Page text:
The Boulton & Paul P.35 was a design for a fighter with an upwards firing Coventry Ordnance Works 37mm cannon.
Air Ministry Specification F.29/27 called for a bomber destroyer, to be armed with the 37mm COW gun, and which was expected to attack enemy bombers from below. The 37mm COW gun was a rather clumsy weapon to be installed in a fighter aircraft, with a length of 8ft, a recoil of 2,000lb and 1.5lb shells. It took clips that carried five shells, and needed to be manually reloaded in the air.
Boulton & Paul produced two designs in response to F.29/27. The first, for a two-man biplane, didn't get a P number. It had the pilot located in front of the wings, the COW gun behind the wings, firing up and over the wings, and the gunner behind the gun.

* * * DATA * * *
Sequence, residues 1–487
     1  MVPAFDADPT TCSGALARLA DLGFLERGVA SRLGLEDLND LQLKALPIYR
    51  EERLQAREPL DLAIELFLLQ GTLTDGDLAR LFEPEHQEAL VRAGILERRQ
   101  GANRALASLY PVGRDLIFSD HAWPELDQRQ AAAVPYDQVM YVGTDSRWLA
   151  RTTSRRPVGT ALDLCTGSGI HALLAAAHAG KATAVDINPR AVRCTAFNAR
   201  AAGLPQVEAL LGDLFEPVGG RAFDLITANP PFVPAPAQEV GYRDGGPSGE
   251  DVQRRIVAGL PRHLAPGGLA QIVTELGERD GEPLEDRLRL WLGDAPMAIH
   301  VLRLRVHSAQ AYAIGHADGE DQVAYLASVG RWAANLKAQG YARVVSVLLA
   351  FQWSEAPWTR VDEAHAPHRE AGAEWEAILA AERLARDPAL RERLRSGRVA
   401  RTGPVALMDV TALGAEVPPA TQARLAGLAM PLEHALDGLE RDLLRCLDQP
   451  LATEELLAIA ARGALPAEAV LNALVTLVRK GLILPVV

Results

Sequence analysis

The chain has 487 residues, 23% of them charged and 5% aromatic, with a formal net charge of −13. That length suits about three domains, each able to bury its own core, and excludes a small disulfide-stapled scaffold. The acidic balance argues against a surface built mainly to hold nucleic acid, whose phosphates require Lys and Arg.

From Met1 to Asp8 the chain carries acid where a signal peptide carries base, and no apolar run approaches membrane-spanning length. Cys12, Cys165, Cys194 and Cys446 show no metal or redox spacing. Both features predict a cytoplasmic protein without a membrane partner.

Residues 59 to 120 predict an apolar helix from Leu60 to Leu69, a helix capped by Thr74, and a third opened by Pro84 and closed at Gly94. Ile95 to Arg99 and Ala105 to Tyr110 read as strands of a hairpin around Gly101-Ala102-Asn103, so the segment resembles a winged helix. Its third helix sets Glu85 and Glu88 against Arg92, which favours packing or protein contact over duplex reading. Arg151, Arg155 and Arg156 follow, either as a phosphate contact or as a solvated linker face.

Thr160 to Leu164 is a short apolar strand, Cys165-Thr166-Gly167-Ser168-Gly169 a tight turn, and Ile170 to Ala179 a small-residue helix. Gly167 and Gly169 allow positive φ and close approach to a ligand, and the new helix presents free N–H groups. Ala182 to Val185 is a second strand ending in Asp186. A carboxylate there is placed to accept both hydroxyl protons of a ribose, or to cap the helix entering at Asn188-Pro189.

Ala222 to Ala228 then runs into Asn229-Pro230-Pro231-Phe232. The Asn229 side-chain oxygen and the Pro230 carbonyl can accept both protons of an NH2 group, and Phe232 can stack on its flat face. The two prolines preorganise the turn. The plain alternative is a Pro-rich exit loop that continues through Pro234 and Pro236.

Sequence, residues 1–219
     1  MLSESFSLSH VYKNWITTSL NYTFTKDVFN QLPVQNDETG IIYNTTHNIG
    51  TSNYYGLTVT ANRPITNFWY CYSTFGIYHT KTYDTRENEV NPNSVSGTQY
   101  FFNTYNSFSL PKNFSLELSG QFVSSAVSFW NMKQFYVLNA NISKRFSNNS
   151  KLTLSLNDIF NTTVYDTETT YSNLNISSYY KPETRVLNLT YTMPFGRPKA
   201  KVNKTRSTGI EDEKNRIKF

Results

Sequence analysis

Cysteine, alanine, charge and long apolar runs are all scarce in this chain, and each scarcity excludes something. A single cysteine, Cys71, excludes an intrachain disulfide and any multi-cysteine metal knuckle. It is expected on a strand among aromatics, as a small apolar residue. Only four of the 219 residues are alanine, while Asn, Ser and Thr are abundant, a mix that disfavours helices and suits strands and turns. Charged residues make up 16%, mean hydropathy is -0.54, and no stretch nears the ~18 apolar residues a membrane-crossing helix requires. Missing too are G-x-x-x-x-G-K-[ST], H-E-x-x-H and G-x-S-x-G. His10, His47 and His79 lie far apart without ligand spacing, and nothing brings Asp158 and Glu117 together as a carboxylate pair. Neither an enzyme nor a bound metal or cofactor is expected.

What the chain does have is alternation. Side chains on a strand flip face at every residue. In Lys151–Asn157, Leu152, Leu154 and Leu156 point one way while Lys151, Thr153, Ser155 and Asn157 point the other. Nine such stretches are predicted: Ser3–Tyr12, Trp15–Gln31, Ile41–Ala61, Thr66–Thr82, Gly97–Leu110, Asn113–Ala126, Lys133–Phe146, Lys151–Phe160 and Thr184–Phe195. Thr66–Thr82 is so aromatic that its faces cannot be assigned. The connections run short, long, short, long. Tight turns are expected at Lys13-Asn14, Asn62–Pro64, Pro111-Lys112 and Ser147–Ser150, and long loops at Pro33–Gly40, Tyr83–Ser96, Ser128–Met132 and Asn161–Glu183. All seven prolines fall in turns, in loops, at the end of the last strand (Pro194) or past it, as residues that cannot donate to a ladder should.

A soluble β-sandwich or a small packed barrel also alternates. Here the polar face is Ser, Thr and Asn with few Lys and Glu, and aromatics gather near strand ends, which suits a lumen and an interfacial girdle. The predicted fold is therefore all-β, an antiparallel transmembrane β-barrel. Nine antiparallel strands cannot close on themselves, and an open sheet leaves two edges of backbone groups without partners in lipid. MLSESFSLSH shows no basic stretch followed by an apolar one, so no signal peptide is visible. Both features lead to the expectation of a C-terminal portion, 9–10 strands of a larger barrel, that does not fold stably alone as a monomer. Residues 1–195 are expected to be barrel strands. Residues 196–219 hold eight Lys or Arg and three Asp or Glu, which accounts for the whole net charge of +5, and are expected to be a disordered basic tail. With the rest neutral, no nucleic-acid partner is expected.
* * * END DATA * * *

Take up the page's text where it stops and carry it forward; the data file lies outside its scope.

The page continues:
The second design, which was submitted as the P.35, was for a low wing monoplane, powered by a Rolls-Royce F.11S (later the FXI, and the Kestrel) supercharged engine. The wings were equal chord, square tipped and supported by struts and wire bracing. Radiators for the engine were recessed into the inner wings. The P.35 had a very wide tracked non-retractable undercarriage, to make night landings safer. It also had a very long fuselage to balance the heavy COW gun.
This time the pilot also had to reload and operate the gun, which was mounted just to his right. The P.35 wasn't accepted by the Air Ministry, but prototypes were ordered from Vickers (Type 161) and Westland (C.O.W. Gun Fighter, also a low wing monoplane).